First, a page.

Kearny Kush: Will Kearny Mesa become San Diego’s pot capital?
Ed Quinn has no objections to the use, sale or cultivation of marijuana. Still...
“The big question is, what will Kearny Mesa be?” asked Quinn, a former TV news executive and current member of the Kearny Mesa Planning Group. “Does Kearny Mesa become the poster child for growing, distributing and selling marijuana?”
Since California legalized recreational marijuana on Jan. 1, more than a dozen dispensaries have opened across San Diego. To this day, though, the city has no licensed marijuana farms. Every joint, tincture and gummie sold here comes from somewhere else, such as Oakland’s Grizzly Peak Farms, which is owned by San Diego developer Dave Gash.
Gash’s organic, pesticide-free, packaged and hermetically-sealed cannabis is already sold in local dispensaries. Still...
“Do you want it carted in from Oakland, from Los Angeles?” Gash asked the Kearny Mesa group last week. “I know this is hard, but it’s coming.”
Pot farms are coming to San Diego, but when and where have yet to be determined. The city intends to grant 40 conditional use permits for pot farms, or “Marijuana Production Facilities.” With Grizzly’s ganja going for $2,048 to $2,560 a pound, a license to farm is a license to make a killing.
“The 40 conditional use permits that will be awarded?” Gash said. “These are the Willie Wonka tickets.”
On Wednesday, he sought the planning group’s blessing to transform the Kearny Mesa offices of Gold Coast Design, his real estate development firm, into an indoor marijuana farm.
Because Gash had not completed all the required paperwork, the group voted 8-0 to postpone a decision on his proposal. Even if all the boxes had been checked, it was clear that some on the advisory board had deeper concerns.
“Kearny Mesa is the last bastion of large land holdings in the city of San Diego,” said John Turpit, an architect and planning group member. “San Diego is about to lose the last area for tech, for massive technology growth in the city.”
To return to Quinn’s question, what is Kearny Mesa’s future? Will it become the city’s home to high tech or high times?
Racing the clock
Kearny Mesa may be San Diego’s most strategically located neighborhood, 3,607 acres bordered by I-805, I-15, Highway 52 and Highway 163.
“It’s a great place to office,” said Turpit, whose commute from Kearny Mesa office to Coronado home never exceeds 30 minutes, even during rush hour. “Once you office in Kearny Mesa, you’ll never go back.”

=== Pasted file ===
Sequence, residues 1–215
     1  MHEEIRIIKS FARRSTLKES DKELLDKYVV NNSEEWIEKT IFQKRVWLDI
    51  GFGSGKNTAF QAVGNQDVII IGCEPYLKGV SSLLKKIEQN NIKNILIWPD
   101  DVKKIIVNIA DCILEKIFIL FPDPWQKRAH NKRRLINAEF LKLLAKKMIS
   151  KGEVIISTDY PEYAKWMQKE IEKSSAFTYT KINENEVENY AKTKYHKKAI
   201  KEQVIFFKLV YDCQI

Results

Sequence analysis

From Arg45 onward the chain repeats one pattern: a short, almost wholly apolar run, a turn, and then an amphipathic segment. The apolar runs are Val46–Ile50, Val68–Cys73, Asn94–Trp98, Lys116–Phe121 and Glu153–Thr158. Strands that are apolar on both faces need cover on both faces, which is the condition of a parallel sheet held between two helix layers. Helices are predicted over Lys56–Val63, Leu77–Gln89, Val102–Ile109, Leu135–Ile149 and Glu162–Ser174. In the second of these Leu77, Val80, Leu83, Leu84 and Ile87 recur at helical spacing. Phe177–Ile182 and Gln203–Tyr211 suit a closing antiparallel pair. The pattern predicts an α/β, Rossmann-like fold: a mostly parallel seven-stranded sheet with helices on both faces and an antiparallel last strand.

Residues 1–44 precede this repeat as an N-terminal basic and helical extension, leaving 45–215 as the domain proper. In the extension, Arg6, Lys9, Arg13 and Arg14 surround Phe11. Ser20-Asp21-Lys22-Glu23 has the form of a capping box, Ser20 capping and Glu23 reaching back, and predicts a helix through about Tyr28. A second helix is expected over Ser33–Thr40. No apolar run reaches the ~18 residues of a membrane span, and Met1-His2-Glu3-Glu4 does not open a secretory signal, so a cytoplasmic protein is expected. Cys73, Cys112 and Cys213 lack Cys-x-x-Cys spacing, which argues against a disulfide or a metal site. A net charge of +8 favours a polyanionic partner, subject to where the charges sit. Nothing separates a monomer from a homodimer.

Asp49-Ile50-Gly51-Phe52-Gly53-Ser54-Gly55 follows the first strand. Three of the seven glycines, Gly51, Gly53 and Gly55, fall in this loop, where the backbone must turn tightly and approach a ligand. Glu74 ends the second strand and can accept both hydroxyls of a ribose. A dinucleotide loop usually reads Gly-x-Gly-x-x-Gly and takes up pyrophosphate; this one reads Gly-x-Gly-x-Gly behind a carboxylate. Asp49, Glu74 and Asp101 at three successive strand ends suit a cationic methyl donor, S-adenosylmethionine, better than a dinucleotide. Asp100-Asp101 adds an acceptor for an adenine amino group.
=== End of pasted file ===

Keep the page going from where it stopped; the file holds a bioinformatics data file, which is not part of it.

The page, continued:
Since the advent of legal marijuana, though, the architect has been plagued by a nightmare scenario. He envisions this central location becoming the city’s grasslands.
“Boom!” Turpit said. “Forty pot production facilities and they are all coming here.”
In fact, there’s virtually no chance of that extreme outcome. While the city will not limit the number of pot production facility in a single district, the farms are subject to a long list of restrictions.
They must be planted on land zoned for industrial use.
They cannot be within 1,000 feet of schools, churches, public parks, playgrounds, child care facilities, libraries, residential care facilities and “minor oriented facilities.”
They cannot open within 100 feet of residential zones.
They’re also limited by the laws of supply and demand. While the city will only allow 40 marijuana farms, there are already 63 applications jockeying for approval. Of those applicants, 10 are eyeing locations in Kearny Mesa. More are proposed for Miramar/Mira Mesa (19) and Otay Mesa (15), with an additional 10 in Sorrento Valley. The remaining nine are scattered across Stockton, Morena, Barrio Logan, Logan Heights and Otay Valley.
Still, Turpit argued that Kearny Mesa may be steamrollered by a well-financed industry.
“Money, that’s what this is,” he said. “Everybody is racing to the finish line.”
Grizzly’s Dave Gash worries about losing that contest. With the city preparing to dole out permits this spring, and applicants already outnumbering permits, he expects competition for those Willie Wonka tickets will intensify.